The Wedding was beautiful. It was a great day, but over way too quickly. I went to get my makeup done in the morning before the ceremony, and the women were asking me when I was getting married. They thought I was there for a makeup run-through because I seemed so calm. When I said I was getting married today, they were surprised and said I was the calmest bride they’d ever seen.
It’s true, I was feeling very calm. I was happy that the day I had been planning for months was finally here! The weeks before the ceremony, however, I was misery wrapped in an enema.
Planning a wedding is hard, people. There are so many decisions, money to consider, and it’s a really important day so they're all important decisions. There is naturally a lot of pressure to choose the right things for yourself and your spouse, and to not go broke in the process.
It’s hard enough to keep up with one’s regular schedule, but then to add all of the planning to this mix makes one question one’s sanity and ponder the merits of eloping. There is also the business of going to work, being a parent; laundry, groceries, dishes, keeping the place clean (a battle I lost); brushing teeth and bedtime stories; keeping the kitties fed, watered, and the litter box scooped. A delicate balance, to be sure. Eloping was considered, although not so much seriously but rather, wistfully, in the last days before The Wedding. I’m glad we had The Wedding, now, but up until then I was ready to run off to Mexico and learn to say “I Will” in Spanish, and then party like a rock star on the beach until I passed out. There was a time this seemed a romantic, viable alternative.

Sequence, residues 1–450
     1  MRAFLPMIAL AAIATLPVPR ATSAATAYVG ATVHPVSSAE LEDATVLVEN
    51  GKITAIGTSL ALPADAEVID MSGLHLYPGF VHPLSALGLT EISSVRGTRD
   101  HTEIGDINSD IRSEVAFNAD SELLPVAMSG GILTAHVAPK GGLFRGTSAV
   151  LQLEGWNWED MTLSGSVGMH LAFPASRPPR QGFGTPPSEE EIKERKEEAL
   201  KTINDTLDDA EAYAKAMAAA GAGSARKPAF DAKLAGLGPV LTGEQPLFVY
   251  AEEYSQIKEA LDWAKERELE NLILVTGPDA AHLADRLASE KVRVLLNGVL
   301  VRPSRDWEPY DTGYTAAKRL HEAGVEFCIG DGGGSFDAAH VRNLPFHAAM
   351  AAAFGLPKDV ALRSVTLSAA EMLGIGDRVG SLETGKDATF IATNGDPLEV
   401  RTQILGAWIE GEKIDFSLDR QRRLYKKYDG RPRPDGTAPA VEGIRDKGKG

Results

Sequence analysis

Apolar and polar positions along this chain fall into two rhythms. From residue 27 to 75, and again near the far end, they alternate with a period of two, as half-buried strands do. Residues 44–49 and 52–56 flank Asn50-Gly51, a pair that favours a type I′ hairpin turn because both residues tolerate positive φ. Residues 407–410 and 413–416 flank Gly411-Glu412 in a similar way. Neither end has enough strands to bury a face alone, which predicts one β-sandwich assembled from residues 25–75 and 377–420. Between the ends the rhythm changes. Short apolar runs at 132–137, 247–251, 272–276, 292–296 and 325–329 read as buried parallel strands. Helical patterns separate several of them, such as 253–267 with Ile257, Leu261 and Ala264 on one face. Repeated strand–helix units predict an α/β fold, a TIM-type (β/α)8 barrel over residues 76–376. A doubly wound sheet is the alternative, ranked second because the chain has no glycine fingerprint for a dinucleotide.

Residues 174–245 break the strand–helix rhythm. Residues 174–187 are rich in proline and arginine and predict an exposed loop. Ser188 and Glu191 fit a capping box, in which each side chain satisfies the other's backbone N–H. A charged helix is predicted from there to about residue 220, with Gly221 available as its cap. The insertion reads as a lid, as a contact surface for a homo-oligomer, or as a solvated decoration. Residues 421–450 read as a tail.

There is a pressure particularly attributed to the bride, and that is that you must be the one who remembers everything, down to the tiniest of details. Because you will be asked and it is assumed you know the answer. You want to know the answers, and as much as we’d like to believe otherwise, little girls weren’t born with the innate ability to plan a wedding any more than they were born with the innate ability to know what babies need every single second. Yes, I know the maternal instinct is powerful and all, I’m not knocking it in the least. I’m just saying that it is a myth that women just know these things inside and out. When we have babies, there is a huge learning curve and women pretty much learn what we need to in short order and before long we're feeling confident and handling things just fine. But, just like new mothers, new brides don't know what to do going into it. That, and Tom Cruise is a righteous prick. Furthermore, my point is that we don’t necessarily know, and we shouldn’t be made to feel bad about it. Instead, we should have help along the way. I am grateful to my florist and my caterer for helping me with many details. Also, my husband, mom, sisters and friends who really came out and offered their help. I bought many wedding magazines, and not many of them talked about the wedding basics, like traditions and typical things to do at the rehearsal dinner and at the reception. I found a book that gave me the basics, and so therefore I was not a failure as a woman.
I think the best part of the wedding planning was that I knew what I wanted, and so I knew this day was absolutely going to represent myself and my husband’s sensibilities and style. I am old enough to know myself pretty well, and so once decisions were made, they felt right and natural.
I think the worst part of the wedding planning were all those details I was expected to take care of. If I had the money, I would have hired a wedding planner. Or quit my job so I could devote the proper time a basic wedding requires. As it was, I was a stressed out fiance and mommy, and I don't like being that way.